Much of the conflict was blamed on online misinformation. EDL attacks were often attributed to Robinson's incendiary social media posts, while Islamist violence was blamed on al-Qaeda or Isis propaganda. In one case, four Luton locals who plotted to kill EDL members and bomb an army base were alleged to have downloaded al-Qaeda propaganda and bombmaking instructions from the web.
Delving deeper into the town's unrest, I read of stories of "Sharia patrols" spray-painting burqas over "immodestly-dressed" women on billboards, of people having their windows smashed with bricks, of Muslims having bacon posted through their letterboxes, of mosques being used to plot terrorist attacks, of mosques being set on fire, and of Muslims and infidels alike being battered bloody in the streets.
Curious, I decided to relocate to the neighbourhood. I wanted to know whether the town's problems were really the result of online misinformation, or if, as I suspected, there was a deeper cause rooted in the human brain.
I rented a place near Bury Park, the neighbourhood where most of Luton's jihadists were concentrated. I approached al-Muhajiroun supporters at their stalls to question them, observed their rallies and protests, attended the same mosques as them, and eavesdropped on them in the streets and in cyberspace.
There's a stereotype of jihadists as wild-eyed cavemen with unkempt beards like frozen explosions, whose answer to everything is "Allahu Akbar!" But the jihadists I encountered in Bury Park were often eloquent and mild-mannered. They were medical students, engineers, architects. They came from stable middle-class families. Society appeared to have given them all the education they could need, and offered them all the opportunities they could desire, and yet, they wanted to burn it all down.
The more I studied these men, the more it became clear their radicalisation couldn't simply be blamed on misinformation or ignorance. They'd received their fair share of good knowledge from the schools and universities they'd attended, and they had the same access to the world's information as the rest of us. But they'd rejected it all to appease pathological prejudices.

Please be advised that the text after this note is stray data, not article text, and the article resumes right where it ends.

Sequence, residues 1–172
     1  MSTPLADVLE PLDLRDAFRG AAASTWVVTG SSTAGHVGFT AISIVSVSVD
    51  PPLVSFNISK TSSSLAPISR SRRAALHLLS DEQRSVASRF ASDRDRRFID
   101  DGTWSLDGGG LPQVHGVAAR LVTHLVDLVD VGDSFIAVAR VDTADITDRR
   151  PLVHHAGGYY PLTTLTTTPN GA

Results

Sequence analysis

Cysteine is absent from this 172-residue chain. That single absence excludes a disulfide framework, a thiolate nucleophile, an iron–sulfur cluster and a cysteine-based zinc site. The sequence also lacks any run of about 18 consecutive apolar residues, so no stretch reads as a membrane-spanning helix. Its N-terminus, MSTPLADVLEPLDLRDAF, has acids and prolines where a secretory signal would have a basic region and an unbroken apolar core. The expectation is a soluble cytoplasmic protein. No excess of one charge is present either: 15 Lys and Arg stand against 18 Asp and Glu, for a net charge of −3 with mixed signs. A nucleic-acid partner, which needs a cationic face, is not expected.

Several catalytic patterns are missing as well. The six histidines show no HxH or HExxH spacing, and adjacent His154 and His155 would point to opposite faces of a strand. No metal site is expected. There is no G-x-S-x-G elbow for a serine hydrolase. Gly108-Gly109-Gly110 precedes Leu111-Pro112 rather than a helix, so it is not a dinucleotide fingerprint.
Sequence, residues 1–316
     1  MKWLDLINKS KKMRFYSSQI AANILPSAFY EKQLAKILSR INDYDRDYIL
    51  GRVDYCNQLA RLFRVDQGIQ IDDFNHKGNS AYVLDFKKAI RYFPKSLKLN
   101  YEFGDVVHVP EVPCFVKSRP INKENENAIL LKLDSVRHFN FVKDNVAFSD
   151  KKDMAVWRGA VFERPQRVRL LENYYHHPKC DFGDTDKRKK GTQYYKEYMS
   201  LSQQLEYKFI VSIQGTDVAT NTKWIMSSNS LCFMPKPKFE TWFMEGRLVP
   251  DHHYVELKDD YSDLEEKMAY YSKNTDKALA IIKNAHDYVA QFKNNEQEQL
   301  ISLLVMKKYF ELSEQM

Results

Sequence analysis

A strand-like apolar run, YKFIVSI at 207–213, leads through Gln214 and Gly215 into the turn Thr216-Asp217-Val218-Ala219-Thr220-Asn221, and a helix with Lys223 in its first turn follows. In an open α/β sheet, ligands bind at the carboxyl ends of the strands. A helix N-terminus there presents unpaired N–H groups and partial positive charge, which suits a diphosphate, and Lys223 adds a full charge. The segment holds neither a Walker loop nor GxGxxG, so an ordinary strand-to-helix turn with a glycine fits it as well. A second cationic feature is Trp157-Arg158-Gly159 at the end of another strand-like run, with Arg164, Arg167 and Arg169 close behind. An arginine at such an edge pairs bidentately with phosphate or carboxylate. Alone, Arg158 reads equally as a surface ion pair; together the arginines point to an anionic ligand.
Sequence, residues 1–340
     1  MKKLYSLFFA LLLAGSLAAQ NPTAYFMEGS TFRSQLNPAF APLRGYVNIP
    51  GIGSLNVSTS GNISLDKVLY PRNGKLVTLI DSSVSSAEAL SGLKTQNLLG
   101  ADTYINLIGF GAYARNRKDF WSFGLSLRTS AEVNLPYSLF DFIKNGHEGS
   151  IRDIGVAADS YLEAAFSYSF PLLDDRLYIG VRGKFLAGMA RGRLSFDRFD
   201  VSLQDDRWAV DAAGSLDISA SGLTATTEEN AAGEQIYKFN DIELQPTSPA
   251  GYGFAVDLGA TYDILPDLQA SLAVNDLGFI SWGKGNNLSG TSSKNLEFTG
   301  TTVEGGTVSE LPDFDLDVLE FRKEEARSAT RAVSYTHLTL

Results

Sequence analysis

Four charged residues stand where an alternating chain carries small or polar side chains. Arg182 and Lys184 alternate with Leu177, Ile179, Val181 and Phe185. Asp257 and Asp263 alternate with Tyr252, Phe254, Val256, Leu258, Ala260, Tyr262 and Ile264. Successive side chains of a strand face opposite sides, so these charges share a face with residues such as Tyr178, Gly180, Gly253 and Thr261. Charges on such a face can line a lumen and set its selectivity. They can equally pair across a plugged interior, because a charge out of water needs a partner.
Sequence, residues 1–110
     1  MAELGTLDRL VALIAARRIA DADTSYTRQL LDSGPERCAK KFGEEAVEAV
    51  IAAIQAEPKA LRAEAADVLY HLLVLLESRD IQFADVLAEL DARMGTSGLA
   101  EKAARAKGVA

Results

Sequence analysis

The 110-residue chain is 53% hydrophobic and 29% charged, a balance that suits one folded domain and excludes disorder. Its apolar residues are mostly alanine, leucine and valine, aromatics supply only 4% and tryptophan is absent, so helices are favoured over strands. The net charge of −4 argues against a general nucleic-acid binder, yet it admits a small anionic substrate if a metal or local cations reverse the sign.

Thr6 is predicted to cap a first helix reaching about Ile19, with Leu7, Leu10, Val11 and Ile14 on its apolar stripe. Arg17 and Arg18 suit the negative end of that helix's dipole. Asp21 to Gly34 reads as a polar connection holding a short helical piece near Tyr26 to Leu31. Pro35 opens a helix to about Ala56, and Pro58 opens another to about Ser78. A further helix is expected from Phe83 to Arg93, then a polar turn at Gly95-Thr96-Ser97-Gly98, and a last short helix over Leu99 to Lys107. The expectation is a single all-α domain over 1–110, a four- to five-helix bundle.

Sure, many of them had been led astray by the videos of Anwar al-Awlaki and other online propagandists, but if decades of a mind's education and experience can be overruled by a couple of online hate-sermons, is the real problem with the sermons, or with the mind?
It became even clearer that the main problem was not (mis)information but the mind when I began to monitor the jihadists’ conversations. They spent their days scanning the mainstream media for signs of the fulfilment of apocalyptic prophecies, and any news that could be matched to their prophecies was unquestioningly accepted as true, while anything that didn't was reflexively dismissed as Jewish propaganda. News of every Isis victory became more proof that the group deserved the support of Muslims ("See? God is with them!"), but so did news of every defeat ("See? They're dying and need our help!"). In short, what the jihadists believed was not based on what they saw as much as what they saw was based on what they believed.
What I learned was this: information doesn't enter the mind intact like a puzzle-piece slotted into a jigsaw. Instead, it becomes distorted to fit the shape of its container, like water poured into a vessel. Luton’s jihadists had been given plenty of good, honest facts by society, but these facts had been warped by their biases to fit their delusions.
I'd once wondered what good it was offering people the truth if they were more interested in consuming fiction. But it was now clear that interest wasn't the main problem; even if you could get people to consume the truth, their minds would digest it into fiction.
Researching al-Muhajiroun gradually became harder, because as time went on my research subjects were either arrested or killed. Abu Rahin Aziz stabbed a man in the eye for insulting the warlord Muhammad before skipping bail and fleeing to Syria to become an Isis bombmaker, where he was killed in a targeted airstrike. Six months later, police raided the homes of senior al-Muhajiroun members including the leader of Luton's al-Muhajiroun, Istiak Alamgir, and arrested them. They’d later be jailed.